Our next harbour day came as the new MEO conducted his platform endorsement this meant that we were also hosting the squadron engineer for the day, only five students were required to be aboard for the platform endorsement so the remaining five went ashore in Rostock and spent the day visiting the local zoo. Unfortunately during the day the starter motor on the port engine failed and this was a problem that we were unable to rectify with the tools aboard and so had to wait for an engineer to arrive with the new part and this was predicted to take a few days.

While in Rostock we hosted a BBQ organised by A/OC Nightingale, which involved all students and ships company ending up swimming in the harbour! Finally on the 1st of July the new starter motor was delivered and we were able to regain our intended schedule meeting up with HMS Dasher in Kolobrzeg, Poland, that evening we were stood down from watch and all of the students went for a last run ashore of the phase. The following morning we transited to Gdansk, during the passage OC Lazenby completed his second task book to achieve the rank of Honorary Midshipman. Once we arrived in Gdansk and secured the ship we said our goodbyes to the ships company and headed to the airport to catch our fight home.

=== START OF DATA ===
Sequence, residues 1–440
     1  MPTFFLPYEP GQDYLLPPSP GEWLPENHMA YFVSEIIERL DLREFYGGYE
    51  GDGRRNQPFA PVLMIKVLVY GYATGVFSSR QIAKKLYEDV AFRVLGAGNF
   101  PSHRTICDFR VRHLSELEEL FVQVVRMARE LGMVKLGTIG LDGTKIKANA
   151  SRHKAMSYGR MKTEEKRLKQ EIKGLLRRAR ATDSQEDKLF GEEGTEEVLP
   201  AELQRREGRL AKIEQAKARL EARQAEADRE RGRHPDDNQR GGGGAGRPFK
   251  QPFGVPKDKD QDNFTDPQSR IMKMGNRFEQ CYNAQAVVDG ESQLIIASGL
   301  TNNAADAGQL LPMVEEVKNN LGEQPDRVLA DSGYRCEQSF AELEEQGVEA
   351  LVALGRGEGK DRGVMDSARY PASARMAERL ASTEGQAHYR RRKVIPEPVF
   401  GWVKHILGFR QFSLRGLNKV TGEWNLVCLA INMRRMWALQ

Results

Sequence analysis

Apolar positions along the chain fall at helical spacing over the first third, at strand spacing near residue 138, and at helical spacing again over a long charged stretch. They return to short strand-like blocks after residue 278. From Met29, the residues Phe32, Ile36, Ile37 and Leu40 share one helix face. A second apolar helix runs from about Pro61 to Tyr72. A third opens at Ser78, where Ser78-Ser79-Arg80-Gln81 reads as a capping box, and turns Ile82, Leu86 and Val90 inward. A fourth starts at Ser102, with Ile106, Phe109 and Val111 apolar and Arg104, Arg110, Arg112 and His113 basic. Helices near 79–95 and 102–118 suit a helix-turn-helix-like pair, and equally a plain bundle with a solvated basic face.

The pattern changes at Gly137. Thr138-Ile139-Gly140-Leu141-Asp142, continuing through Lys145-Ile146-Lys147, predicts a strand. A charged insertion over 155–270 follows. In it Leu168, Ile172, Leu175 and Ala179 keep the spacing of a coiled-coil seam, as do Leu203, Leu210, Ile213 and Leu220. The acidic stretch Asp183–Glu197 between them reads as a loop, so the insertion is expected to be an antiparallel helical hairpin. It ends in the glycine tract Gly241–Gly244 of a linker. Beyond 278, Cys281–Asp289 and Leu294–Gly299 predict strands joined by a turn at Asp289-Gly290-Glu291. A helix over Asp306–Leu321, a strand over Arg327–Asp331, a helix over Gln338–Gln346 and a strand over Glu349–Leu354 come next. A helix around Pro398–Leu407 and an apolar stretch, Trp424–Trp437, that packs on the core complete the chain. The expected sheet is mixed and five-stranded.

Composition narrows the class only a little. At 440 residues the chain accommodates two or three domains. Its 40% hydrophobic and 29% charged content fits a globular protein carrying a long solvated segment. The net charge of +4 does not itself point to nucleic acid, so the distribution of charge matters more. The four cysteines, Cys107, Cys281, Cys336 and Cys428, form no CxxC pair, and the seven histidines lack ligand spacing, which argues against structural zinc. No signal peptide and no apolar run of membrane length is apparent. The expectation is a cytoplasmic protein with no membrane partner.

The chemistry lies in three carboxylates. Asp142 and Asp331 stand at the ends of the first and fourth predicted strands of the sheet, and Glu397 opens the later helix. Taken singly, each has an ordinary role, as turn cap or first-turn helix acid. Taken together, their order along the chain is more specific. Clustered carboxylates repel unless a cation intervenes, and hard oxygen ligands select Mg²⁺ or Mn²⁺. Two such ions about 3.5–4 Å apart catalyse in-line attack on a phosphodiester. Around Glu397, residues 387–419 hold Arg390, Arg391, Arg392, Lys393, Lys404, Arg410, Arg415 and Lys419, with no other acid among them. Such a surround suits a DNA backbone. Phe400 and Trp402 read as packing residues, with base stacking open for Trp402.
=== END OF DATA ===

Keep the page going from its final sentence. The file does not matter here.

What a great time, and now Navigation makes sense!

Summer Deployment 2015 – OC Munson, SMid

It has been a busy summer for WURNU students and the crew of HMS Express on their annual Summer Deployment, which this year took students from charity garden parties in sunny Cardiff, to fashion shows in Liverpool, through the picturesque Caledonian Canal, and down the east coast of the UK to windy Portsmouth for the Americas Cup.

The first day of this busy deployment found ten OCs hosting guests and selling raffle tickets at the annual British Warships Association Summer Garden Party at Hensol Castle in the Vale of Glamorgan. The event included a performance by the City of Swansea Pipes and Drums Band, a Field Gun demonstration by local Sea Cadet unit TS Cardiff, and a show from a barbershop quintet. Upon completion, the students departed Cardiff for Liverpool to join Express.

The 0630 wakeup call took a little getting used to for the students who, until two days ago, had been enjoying the luxury of late morning lie-ins. Yet everything ran smoothly with ship’s company getting used to the new students and the students meeting the new CO (Lt. Matthew Harvey) and DMEO (LET Chris Barker). The transit to Conwy, North Wales in company with Bristol University’s HMS Dasher went smoothly, and the first day ended with circuits led by the XO, whilst the Dasher students looked on in sympathy.

It was only three days into the deployment before the students prepared to host the first VIP of the trip: Commander Stevens (Cdr U). Cdr Stevens had planned to join us for the morning of our journey to Dun Laoghaire in the Republic of Ireland, before transferring to Dasher. However the weather had other ideas, and once the swell picked up the Commander decided to stay and enjoy a buffet lunch on board Express.

The following harbour day in Dun Laoghaire, a mere half an hour train ride from Dublin, was spent getting ahead of the chart work game, before a mass migration to the Guinness Storehouse and Temple Bar to celebrate XO’s 24th Naval Birthday.